THE SOURCE'S EXCITING LOVE CONNECTION

Here's how Labor Sec- retary Alexis Herman celebrated Valentine's Day, two days after her wedding to Silver Spring physician Charles Franklin Jr.: "I'm spending it with the Teamsters," Herman told us yesterday from Atlantic City, where she addressed union members gathered at the Tropicana Hotel. "We're going to take a real honeymoon in March."

The 52-year-old first-time bride was reveling in her marriage to the 53-year-old family practitioner, the father of three from two previous unions. "Now I'll be known both as 'Secretary Herman' and 'Mrs. Charles Franklin,' " she said. The ceremony at the Washington National Cathedral and the reception at Alma Brown's house was attended by President Clinton, among many others. "Chuck is such a special human being. He makes me laugh. He's intelligent. He's a sensitive man and I'm crazy about him. What can I say?"

Franklin told us: "Alexis is an extremely wonderful person. She might be secretary of labor, but she has everything in a woman that a man could want. She lacks for nothing in that department." And he doesn't mean the labor department.

Polish refugee Gerda Weissmann and American GI Kurt Klein met on May 7, 1945, outside an abandoned bicycle factory in Czechoslovakia and fell head over heels. She had just marched 350 miles after spending three years in a German slave-labor camp. He was the army lieutenant who rescued her on Liberation Day. Today, their just-published book of correspondence--"The Hours After: Letters of Love and Longing in War's Aftermath"--is being celebrated at a Washington lunch honoring these heroes of love and war.

"It was a day before my 21st birthday. I weighed 68 pounds and my hair had gone white," Gerda Klein told us. "I was in rags, obviously, and here was this dashing young American . . . like a prince coming and freeing me from the oppression of slavery."

The German-born Kurt Klein, who was 24 and had fled the Nazis as a teenager, told us: "I saw these skeleton-like figures walking across the factory yard, and I decided to go up to her. Gerda identified herself as being Jewish. I said, 'So am I.' And then, she quoted Goethe: 'Noble be man, merciful and good.' That left quite an impact on me."

Near death, Gerda spent the summer recovering in a field hospital, and Kurt visited her often. They became engaged that fall and Kurt returned to Buffalo, thinking his bride-to-be would soon join him. Instead, red tape delayed their reunion until the following June, when they wed in Paris. They settled in Buffalo and raised three children while she wrote a newspaper column and he ran a printing business.

Gerda's story became the subject of the 1995 documentary "One Survivor Remembers," which won an Academy Award. Now retired in Scottsdale, Ariz., the couple discovered their love letters a few years ago in their garage. "To our surprise, we found a lot of things in there with a great deal of meaning," Gerda Klein said. "I was crying. My husband was smiling."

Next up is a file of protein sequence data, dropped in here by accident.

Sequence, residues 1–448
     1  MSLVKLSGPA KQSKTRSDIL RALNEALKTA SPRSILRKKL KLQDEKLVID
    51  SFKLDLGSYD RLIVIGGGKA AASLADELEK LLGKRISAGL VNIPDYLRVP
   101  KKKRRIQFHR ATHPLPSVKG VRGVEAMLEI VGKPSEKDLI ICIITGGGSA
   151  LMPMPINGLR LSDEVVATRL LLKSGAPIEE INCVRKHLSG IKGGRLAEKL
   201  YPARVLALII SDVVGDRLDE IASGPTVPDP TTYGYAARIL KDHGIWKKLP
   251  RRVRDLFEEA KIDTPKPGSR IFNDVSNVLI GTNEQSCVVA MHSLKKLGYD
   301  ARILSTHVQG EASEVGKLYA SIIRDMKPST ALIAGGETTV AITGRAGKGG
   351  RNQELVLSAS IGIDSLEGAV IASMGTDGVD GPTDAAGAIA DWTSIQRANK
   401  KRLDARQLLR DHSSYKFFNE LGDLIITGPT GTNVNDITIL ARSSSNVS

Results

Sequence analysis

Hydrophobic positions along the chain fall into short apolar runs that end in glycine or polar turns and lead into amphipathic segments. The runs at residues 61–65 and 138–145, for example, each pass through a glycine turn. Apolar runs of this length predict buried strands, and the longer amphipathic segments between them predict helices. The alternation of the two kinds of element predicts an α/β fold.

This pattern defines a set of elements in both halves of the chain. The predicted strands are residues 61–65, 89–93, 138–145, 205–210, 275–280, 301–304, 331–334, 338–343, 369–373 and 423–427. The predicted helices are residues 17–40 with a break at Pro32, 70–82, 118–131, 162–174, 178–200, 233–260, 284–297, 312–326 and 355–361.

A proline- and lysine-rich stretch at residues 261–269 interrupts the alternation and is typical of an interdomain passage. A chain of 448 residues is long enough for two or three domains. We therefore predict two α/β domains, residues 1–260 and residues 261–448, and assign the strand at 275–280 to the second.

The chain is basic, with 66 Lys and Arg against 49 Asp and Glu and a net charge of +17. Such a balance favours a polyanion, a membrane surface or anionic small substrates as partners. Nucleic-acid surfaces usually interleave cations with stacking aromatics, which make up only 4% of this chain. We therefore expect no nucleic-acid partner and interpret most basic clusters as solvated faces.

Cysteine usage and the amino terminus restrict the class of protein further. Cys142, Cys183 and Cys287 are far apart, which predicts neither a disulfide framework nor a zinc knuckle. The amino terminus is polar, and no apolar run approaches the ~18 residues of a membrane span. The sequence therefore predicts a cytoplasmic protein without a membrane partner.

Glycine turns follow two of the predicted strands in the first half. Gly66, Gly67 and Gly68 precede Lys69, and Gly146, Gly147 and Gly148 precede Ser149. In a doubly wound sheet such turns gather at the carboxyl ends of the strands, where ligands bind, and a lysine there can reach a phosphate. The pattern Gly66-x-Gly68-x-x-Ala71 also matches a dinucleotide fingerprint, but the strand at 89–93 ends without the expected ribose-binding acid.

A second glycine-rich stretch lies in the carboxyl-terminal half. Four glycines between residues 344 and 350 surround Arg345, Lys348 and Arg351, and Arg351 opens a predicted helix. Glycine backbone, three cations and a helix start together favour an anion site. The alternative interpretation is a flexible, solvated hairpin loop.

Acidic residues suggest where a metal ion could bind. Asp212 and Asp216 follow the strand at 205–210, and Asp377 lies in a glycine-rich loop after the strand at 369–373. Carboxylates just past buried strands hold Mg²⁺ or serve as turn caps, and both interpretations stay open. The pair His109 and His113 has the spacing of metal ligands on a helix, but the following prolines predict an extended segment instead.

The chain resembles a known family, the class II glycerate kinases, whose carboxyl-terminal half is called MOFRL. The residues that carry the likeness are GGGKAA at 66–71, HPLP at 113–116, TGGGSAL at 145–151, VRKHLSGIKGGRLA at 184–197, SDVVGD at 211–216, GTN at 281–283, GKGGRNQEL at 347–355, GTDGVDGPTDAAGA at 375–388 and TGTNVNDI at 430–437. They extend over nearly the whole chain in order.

"I don't like any female comedians. . . . A woman doing comedy doesn't offend me, but sets me back a bit. I, as a viewer, have trouble with it. I think of her as a producing machine that brings babies in the world."

-- French Legion of Honor member Jerry Lewis, caught red-handed by the Glenwood (Colo.) Post as he mused stupidly during a Saturday panel discussion at the U.S. Comedy Arts Festival in Aspen.

THIS JUST IN . . .

* In the Politics Makes Strange Bedfellows department, Cause Celeb Victoria Rowell, a Democrat, is an admirer of House Majority Whip Tom DeLay. Rowell, a regular on CBS's "Diagnosis Murder" and a returning character on "The Young and the Restless," is one of six children raised by foster parents when their mother couldn't care for them. She'll be a star attraction at DeLay's child welfare summit in Houston on Feb. 24. "He may be called Tom 'The Hammer,' " she told us yesterday, "but to me he is a champion of children." She praised the Texas Republican for his role in raising the emancipation age of foster children from 18 to 21.

* Former GOP vice presidential candidate Jack Kemp narrowly escaped becoming a juror in a murder-robbery trial yesterday at Montgomery County Circuit Court, The Post's Steven Gray reports. After making it to the second round of jury selection, Kemp was dismissed when he told the judge he was just too busy to spend two weeks on the case.

* Can't Bill Bradley get away from it all? "I am just trying to take a two-hour break from the campaign," the exhausted-looking presidential contender told The Post's Hamil Harris at Sunday's NBA All-Star Game, which he attended in Oakland with wife Ernestine, supporter Michael Jordan and Washington Wizards investor Ted Leonsis. But then L.A. Lakers Coach Phil Jackson, a Bradley partisan, got nailed by Vice President Gore's campaign police for sporting a Bradley lapel pin on national television. "The Gore people ran in from somewhere and told me to take it off," said Jackson. He reluctantly complied.